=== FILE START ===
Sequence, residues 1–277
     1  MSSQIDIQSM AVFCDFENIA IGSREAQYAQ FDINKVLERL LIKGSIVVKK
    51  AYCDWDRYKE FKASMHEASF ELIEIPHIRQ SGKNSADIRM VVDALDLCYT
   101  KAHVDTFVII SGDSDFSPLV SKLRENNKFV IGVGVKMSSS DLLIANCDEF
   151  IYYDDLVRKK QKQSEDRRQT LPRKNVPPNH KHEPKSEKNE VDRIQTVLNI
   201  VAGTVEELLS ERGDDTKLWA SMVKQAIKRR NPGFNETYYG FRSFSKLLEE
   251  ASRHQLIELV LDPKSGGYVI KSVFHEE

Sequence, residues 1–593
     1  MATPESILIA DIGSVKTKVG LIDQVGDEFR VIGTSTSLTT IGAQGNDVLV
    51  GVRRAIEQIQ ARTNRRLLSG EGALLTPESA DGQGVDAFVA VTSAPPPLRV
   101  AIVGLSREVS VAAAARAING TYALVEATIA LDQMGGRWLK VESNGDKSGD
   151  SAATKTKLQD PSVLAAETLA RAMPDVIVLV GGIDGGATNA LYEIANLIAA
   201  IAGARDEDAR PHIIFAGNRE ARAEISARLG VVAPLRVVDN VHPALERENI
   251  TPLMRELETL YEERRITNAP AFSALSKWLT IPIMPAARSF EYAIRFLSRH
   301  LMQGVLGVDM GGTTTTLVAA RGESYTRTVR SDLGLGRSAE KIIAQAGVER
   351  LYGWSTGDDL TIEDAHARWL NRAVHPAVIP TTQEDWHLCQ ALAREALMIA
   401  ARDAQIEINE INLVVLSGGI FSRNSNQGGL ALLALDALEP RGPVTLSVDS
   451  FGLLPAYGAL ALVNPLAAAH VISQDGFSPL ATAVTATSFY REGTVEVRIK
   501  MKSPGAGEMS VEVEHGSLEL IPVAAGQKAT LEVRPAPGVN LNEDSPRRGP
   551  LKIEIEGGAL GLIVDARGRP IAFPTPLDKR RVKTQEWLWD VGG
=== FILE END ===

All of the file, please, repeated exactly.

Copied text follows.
Sequence, residues 1–277
     1  MSSQIDIQSM AVFCDFENIA IGSREAQYAQ FDINKVLERL LIKGSIVVKK
    51  AYCDWDRYKE FKASMHEASF ELIEIPHIRQ SGKNSADIRM VVDALDLCYT
   101  KAHVDTFVII SGDSDFSPLV SKLRENNKFV IGVGVKMSSS DLLIANCDEF
   151  IYYDDLVRKK QKQSEDRRQT LPRKNVPPNH KHEPKSEKNE VDRIQTVLNI
   201  VAGTVEELLS ERGDDTKLWA SMVKQAIKRR NPGFNETYYG FRSFSKLLEE
   251  ASRHQLIELV LDPKSGGYVI KSVFHEE

Sequence, residues 1–593
     1  MATPESILIA DIGSVKTKVG LIDQVGDEFR VIGTSTSLTT IGAQGNDVLV
    51  GVRRAIEQIQ ARTNRRLLSG EGALLTPESA DGQGVDAFVA VTSAPPPLRV
   101  AIVGLSREVS VAAAARAING TYALVEATIA LDQMGGRWLK VESNGDKSGD
   151  SAATKTKLQD PSVLAAETLA RAMPDVIVLV GGIDGGATNA LYEIANLIAA
   201  IAGARDEDAR PHIIFAGNRE ARAEISARLG VVAPLRVVDN VHPALERENI
   251  TPLMRELETL YEERRITNAP AFSALSKWLT IPIMPAARSF EYAIRFLSRH
   301  LMQGVLGVDM GGTTTTLVAA RGESYTRTVR SDLGLGRSAE KIIAQAGVER
   351  LYGWSTGDDL TIEDAHARWL NRAVHPAVIP TTQEDWHLCQ ALAREALMIA
   401  ARDAQIEINE INLVVLSGGI FSRNSNQGGL ALLALDALEP RGPVTLSVDS
   451  FGLLPAYGAL ALVNPLAAAH VISQDGFSPL ATAVTATSFY REGTVEVRIK
   501  MKSPGAGEMS VEVEHGSLEL IPVAAGQKAT LEVRPAPGVN LNEDSPRRGP
   551  LKIEIEGGAL GLIVDARGRP IAFPTPLDKR RVKTQEWLWD VGG